Perk Valley Mask Lawsuit: Latest Updates In Court

Patch – by Jon Campisi

PERKIOMEN VALLEY, PA — A class of plaintiffs who are suing the Perkiomen Valley School District for rescinding its face mask policy claimed the suburban district was in contempt of court for allegedly violating a federal judge’s order that temporarily reinstated districtwide masking.

A judge, however, determined otherwise.

An attorney representing the class of plaintiffs filed court papers at the U.S. District Court for the Eastern District of Pennsylvania on Jan. 28 seeking to have Judge Wendy Beetlestone declare the school district in contempt of court and extending the temporary restraining order that currently goes through Feb. 8 and requires all students and staff to be masked through that date.

The latest court filing said that the district has “repeatedly refused to implement and enforce the universal masking policy” required by the temporary restraining order.

The emergency motion was filed by plaintiffs’ attorney Carmen A. De Gisi of Lafayette Hill.

The judge, however, denied the emergency petition without prejudice on the same day it had been filed, according to the docket sheet in the case in federal court. There was no reasoning offered by the judge for the denial, but simply an order ruling against the plaintiffs.

The Perkiomen Valley School District was sued in federal court on Jan. 21 over the school board’s decision to make masking optional.

The December school board vote to rescind universal masking came after the Pennsylvania Supreme Court last year struck down a statewide mask mandate for schools that had been put in place by Pennsylvania’s former acting health secretary.

After the state Supreme Court decision, individual school boards were once again given the discretion to set their own policies with regard to masking in school buildings.

In the latest Perkiomen Valley filing, the plaintiffs claimed the district had failed to enforce the temporary universal masking policy; failed to inform the plaintiffs of “multiple and continuous breaches” of the court order; and failed to adopt and enforce protocols to meet the requirements of the court’s temporary injunction order.

“Despite the Court’s order to enforce universal masking in Perkiomen Valley School District, Plaintiff has learned that Defendants have excused student noncompliance with masking for those students who have provided written notes from a parent indicating refusal to comply with the Court’s order,” the plaintiffs’ emergency petition reads. “Instead of prohibiting entry to students, staff, and visitors who refuse to properly wear a mask, Defendants instructed teachers and staff to merely document student non-compliance with the Court’s order in a ‘google document.'”

The petition said that the district had also failed to remove those students, staff and visitors who fail to wear masks from the school buildings.

The plaintiffs who are suing the district are unnamed students who have special needs or disabilities that they say put them at a greater risk of contracting COVID-19 if masks are allowed to remain optional in the school district.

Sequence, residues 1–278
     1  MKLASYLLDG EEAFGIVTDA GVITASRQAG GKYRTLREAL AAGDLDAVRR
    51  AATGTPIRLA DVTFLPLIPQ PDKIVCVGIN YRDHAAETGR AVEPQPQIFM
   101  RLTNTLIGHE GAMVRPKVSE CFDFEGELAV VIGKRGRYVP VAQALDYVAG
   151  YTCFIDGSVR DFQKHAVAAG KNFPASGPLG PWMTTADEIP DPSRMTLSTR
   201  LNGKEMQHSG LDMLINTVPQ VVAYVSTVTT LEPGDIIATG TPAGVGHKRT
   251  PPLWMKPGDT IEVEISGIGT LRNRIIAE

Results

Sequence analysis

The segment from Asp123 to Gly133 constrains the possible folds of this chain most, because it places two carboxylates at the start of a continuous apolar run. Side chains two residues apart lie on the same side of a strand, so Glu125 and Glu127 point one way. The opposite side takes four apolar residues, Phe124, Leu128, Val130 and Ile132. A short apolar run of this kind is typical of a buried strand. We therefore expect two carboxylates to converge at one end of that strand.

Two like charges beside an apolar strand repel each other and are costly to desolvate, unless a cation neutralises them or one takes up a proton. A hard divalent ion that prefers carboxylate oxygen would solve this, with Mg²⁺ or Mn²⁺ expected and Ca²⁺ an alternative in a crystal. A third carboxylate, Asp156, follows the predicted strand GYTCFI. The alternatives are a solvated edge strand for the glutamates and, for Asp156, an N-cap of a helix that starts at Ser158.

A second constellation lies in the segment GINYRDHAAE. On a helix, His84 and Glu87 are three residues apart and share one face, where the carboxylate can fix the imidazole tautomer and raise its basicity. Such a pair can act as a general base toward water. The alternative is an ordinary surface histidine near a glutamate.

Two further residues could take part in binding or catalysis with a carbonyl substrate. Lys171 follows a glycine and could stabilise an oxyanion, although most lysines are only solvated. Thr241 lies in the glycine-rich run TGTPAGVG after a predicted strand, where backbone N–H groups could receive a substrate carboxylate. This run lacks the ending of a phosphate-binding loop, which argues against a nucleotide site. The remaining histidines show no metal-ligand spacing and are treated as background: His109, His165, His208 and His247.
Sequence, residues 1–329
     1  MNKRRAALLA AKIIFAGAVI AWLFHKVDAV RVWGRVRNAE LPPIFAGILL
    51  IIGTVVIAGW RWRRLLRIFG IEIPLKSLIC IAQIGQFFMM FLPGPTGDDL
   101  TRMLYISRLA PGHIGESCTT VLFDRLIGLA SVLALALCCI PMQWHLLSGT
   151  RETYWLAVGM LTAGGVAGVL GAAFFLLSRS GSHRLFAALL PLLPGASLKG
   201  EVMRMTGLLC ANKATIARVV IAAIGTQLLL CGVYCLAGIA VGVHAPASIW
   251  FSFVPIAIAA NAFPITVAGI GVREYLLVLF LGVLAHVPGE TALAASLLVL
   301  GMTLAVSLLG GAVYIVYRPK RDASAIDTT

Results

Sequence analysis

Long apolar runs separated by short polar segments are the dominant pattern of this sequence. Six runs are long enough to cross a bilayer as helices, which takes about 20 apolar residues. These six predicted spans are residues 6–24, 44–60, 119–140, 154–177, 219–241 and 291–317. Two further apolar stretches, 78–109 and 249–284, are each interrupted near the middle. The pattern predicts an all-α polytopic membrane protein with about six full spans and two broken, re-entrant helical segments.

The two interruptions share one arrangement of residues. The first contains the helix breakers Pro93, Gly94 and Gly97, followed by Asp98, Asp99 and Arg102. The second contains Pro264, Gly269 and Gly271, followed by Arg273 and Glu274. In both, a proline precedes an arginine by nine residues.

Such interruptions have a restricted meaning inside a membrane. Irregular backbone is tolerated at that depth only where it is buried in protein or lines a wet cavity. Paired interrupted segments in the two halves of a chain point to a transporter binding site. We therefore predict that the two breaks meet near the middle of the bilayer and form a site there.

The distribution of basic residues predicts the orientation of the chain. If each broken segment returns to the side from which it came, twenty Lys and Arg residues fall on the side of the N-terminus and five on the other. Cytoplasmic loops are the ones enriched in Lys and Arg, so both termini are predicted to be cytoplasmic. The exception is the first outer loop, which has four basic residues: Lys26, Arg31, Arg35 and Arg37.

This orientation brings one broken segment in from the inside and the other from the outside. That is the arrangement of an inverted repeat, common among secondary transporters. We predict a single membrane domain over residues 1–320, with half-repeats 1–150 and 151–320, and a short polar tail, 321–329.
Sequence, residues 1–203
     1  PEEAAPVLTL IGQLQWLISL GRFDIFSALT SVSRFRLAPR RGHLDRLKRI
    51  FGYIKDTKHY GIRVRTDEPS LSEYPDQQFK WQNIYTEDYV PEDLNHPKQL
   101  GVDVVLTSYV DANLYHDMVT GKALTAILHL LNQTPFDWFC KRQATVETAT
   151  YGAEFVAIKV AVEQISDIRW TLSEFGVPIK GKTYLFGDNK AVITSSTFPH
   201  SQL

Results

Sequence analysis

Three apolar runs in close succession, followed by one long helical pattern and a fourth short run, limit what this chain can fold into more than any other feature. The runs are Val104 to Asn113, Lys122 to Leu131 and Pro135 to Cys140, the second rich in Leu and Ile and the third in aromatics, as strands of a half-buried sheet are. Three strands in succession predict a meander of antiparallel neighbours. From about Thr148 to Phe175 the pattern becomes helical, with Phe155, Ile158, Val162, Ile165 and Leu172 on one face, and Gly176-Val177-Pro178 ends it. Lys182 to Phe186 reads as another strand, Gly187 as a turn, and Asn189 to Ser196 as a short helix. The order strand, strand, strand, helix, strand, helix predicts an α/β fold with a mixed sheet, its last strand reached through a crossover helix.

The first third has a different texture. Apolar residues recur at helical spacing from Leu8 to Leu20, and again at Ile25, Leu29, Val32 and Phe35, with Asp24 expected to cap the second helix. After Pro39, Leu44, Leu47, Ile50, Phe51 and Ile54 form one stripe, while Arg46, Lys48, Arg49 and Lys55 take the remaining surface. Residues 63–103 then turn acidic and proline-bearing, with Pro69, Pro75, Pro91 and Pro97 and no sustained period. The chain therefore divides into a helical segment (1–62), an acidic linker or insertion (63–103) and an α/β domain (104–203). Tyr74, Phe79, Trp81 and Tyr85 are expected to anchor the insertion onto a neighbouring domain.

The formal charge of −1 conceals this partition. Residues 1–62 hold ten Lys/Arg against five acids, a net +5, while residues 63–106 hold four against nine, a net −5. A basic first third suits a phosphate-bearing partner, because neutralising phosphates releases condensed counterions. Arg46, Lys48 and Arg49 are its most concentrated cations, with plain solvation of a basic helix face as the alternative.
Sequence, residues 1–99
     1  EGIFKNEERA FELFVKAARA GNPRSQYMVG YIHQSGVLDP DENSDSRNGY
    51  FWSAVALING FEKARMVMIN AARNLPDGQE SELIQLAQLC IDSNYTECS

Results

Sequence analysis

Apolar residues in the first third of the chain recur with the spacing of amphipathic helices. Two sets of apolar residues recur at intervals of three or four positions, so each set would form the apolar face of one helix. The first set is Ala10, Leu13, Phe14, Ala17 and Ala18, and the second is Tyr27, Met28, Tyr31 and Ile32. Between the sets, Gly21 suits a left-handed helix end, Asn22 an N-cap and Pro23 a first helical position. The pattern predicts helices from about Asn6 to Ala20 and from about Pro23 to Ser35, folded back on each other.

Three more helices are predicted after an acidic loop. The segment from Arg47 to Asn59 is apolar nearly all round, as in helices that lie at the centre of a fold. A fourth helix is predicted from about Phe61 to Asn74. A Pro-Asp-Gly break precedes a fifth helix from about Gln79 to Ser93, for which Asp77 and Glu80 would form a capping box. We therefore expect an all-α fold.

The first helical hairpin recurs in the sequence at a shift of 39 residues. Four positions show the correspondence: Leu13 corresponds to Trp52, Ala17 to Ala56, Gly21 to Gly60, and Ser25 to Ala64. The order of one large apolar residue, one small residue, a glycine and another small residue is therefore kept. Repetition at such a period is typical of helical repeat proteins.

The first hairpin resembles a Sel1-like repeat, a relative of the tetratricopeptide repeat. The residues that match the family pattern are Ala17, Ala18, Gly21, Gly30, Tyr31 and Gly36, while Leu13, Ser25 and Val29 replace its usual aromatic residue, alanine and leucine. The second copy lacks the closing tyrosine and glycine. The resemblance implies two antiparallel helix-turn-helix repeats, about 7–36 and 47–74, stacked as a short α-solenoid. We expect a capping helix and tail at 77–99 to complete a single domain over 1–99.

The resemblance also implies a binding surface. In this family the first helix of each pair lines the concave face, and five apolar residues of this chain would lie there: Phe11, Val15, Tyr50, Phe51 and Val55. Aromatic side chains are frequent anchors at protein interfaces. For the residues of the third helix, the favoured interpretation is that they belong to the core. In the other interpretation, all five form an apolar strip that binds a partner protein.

The emergency petition states that the plaintiffs’ attorney called the school district’s lawyer about the alleged breaches of the court order and to request compliance with the order.

“To date, counsel for Defendants have not … provided any assurance that the TRO [temporary restraining order] would be enforced going forward,” the petition reads.

In a letter to the judge that was included in the public record, Perkiomen Valley School District Solicitor Brian Subers, of the firm Fox Rothschild, said that the district had complied with the court’s temporary restraining order “in every respect.”

Subers said the district never attempted to implement the school board decision to rescind universal masking and that the policy requiring everyone to be masked for the time being continues to be in effect.

“Plaintiffs’ filing of this emergency petition for contempt is obdurate and vexatious and an egregious affront to the character, decency and good faith of the dedicated and law abiding administrators and staff of the Perkiomen Valley School District, and it must be denied accordingly,” Subers wrote.

The plaintiffs sought an order from the judge finding that the defendants are in civil contempt for violating the court’s previous temporary restraining order.

“As a result of Defendants’ flagrant disregard for the TRO by refusing to enforce universal masking, the Plaintiffs are suffering the harm the TRO sought to enjoin,” the emergency petition states. “Since the breaches of the TRO have been brought to Defendants’ attention and compliance is still absent, Plaintiff has no confidence that Defendants will abide by the Court’s Order pending a hearing.”

The petition also says the plaintiffs also seek the assistance of United States Marshals to enforce the court’s order, although it was not clear from court papers whether that means the plaintiffs actually want federal agents inside school buildings to force the wearing of masks.

Supplemental documentation accompanying the emergency petition says that the plaintiffs were made aware of the alleged violations by the school district through communications with parents of some of the unnamed child plaintiffs.

Meanwhile, on Jan. 26, five days after the initial lawsuit was filed, Perkiomen Valley Superintendent Barbara A. Russell updated the school community with a message stressing that the district would be complying with the federal judge’s ruling temporarily reinstating universal masking and noting that the “decision to return to a universal mask school environment was made by the Court and not by our Board of School Directors, the administration or me.”

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